Councilmembers question the legality of LAPD's new impound policy
LA Daily News
Feb 24, 2012
The LAPD's plan to stop impounding vehicles of some unlicensed drivers drew more criticism on Friday as a key City Council member questioned its logic and whether it violated state law.
Councilman Mitch Englander, who chairs the Public Safety Committee, said the proposal by Chief Charlie Beck made no sense to him and he asked for a report on whether it meets state law.
"Studies show the unlicensed driver will be back behind the wheel," said Englander, who is a reserve police officer. "There was a reason this regulation was adopted. And it was to keep unlicensed drivers off the road."
A recent letter from the state Office of Legislative Counsel said state law requires cities to impound vehicles for 30 days that are driven by unlicensed drivers and there is no authority for the early release of the cars.
Englander asked the City Attorney's office to provide a legal analysis of the LAPD policy and the Legislative Counsel letter as well as any liability the city could face by a change in its policy.
The civilian Police Commission asked last week for the city attorney to review the legality of the revised impound policy.
Under current policy, LAPD officers who catch an unlicensed driver - whether at a drunk driver checkpoints or other traffic stop - will impound the vehicles of any driver who does not have a license.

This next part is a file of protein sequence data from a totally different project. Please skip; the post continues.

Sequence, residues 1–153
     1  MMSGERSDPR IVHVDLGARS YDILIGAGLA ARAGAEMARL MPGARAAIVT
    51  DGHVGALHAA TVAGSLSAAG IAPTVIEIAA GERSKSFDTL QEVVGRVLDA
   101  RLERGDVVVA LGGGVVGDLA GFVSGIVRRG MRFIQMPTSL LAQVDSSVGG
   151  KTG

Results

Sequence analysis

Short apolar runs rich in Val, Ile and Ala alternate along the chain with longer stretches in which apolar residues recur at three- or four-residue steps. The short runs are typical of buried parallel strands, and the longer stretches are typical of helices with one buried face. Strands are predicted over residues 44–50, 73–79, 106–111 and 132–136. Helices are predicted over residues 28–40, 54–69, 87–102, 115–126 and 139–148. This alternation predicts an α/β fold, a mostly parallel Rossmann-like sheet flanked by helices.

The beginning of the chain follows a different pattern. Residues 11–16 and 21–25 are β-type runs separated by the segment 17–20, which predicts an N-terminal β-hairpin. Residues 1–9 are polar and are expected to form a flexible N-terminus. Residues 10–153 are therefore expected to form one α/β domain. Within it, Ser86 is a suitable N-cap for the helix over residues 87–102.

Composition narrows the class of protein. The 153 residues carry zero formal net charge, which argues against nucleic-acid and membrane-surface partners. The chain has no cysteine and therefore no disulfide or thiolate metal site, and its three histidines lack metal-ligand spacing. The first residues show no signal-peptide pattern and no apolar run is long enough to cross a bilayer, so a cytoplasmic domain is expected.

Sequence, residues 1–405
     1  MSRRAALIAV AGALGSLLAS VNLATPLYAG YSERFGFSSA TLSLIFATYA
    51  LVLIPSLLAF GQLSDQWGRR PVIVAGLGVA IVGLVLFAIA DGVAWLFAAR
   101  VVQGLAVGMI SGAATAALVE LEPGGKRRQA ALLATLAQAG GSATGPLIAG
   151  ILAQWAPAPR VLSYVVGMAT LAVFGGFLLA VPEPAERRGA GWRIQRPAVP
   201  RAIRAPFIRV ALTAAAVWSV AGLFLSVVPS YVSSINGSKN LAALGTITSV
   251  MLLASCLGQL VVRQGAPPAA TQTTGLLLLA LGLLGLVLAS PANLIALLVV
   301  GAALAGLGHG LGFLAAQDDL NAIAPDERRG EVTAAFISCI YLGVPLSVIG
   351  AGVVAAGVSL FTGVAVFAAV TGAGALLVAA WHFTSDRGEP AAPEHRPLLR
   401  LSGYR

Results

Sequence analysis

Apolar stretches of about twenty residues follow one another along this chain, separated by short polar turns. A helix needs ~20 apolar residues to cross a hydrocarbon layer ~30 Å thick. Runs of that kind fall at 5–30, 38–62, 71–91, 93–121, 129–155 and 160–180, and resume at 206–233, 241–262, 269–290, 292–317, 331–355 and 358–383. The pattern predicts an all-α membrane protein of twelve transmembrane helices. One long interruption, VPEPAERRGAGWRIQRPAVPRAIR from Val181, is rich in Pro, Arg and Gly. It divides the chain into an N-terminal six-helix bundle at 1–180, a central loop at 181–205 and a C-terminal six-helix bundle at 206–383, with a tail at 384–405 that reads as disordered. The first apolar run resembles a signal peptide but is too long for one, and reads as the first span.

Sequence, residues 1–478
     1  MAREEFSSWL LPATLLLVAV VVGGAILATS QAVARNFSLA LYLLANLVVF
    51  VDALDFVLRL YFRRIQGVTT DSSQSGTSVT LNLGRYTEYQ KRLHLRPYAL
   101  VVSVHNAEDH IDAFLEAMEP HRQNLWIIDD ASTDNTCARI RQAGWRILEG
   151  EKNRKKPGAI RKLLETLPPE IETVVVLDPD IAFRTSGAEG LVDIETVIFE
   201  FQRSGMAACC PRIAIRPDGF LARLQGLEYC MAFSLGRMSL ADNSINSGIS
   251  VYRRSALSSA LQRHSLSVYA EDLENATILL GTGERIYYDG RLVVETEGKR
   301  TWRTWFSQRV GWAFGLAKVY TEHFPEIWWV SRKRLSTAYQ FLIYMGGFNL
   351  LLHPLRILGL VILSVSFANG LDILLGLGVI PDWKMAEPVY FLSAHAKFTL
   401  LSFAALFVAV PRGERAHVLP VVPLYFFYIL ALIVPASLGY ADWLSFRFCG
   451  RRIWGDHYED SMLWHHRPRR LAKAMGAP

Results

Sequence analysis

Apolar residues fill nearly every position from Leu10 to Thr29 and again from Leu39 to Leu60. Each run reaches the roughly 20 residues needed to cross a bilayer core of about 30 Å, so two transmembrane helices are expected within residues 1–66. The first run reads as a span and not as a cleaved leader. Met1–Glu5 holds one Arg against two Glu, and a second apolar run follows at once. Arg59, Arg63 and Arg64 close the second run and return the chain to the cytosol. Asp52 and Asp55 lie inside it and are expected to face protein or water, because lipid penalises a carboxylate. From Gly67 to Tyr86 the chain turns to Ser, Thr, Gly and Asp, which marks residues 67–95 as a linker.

Beck has proposed allowing those who are unlicensed, but have otherwise have insurance and clean records, to call a licensed driver to pick up the vehicle within a reasonable amount of time. Those who have suspended or revoked licenses will still have their cars seized.
The issue has generated a firestorm of controversy among various groups and on talk radio.
Critics say the policy is essentially giving an exemption to undocumented immigrants, who cannot legally obtain California licenses and are therefore believed to make up the majority of unlicensed drivers. They also argue that allowing unlicensed drivers to retain their vehicles makes it more likely they will drive again and present a hazards to other motorists.
Beck decided to explore changing the policy in response to complaints from the community about the cost of impounding cars and developing a policy that was less confusing to officers.
"Impounding cars is a tool practiced by officers tens of thousands of times a year," Deputy Chief Michel Moore told the Public Safety Committee. "We have looked and researched our policy and found there was room for improvement."
Councilman Dennis Zine, who also has been critical of the change, said he remains concerned over whether the drivers have insurance for their vehicles.
Also, Councilwoman Jan Perry asked for a review of other identification cards - such as Matricula Consular cards or for those seeking citizenship.
Englander also drew criticism from an attorney, Cynthia Anderson Barker, who is suing the city and members of the National Lawyers Guild for alleged conflicts of interest on the issue.
Barker said Englander had received more than $13,000 in contributions from Official Police Garages and the political consulting firm of his uncle, Harvey Englander, represents the Los Angeles Police Protective League.
Englander denied any conflict.
"There is no recusal required," Englander said. "You should get your facts straight before you make such slanderous statements."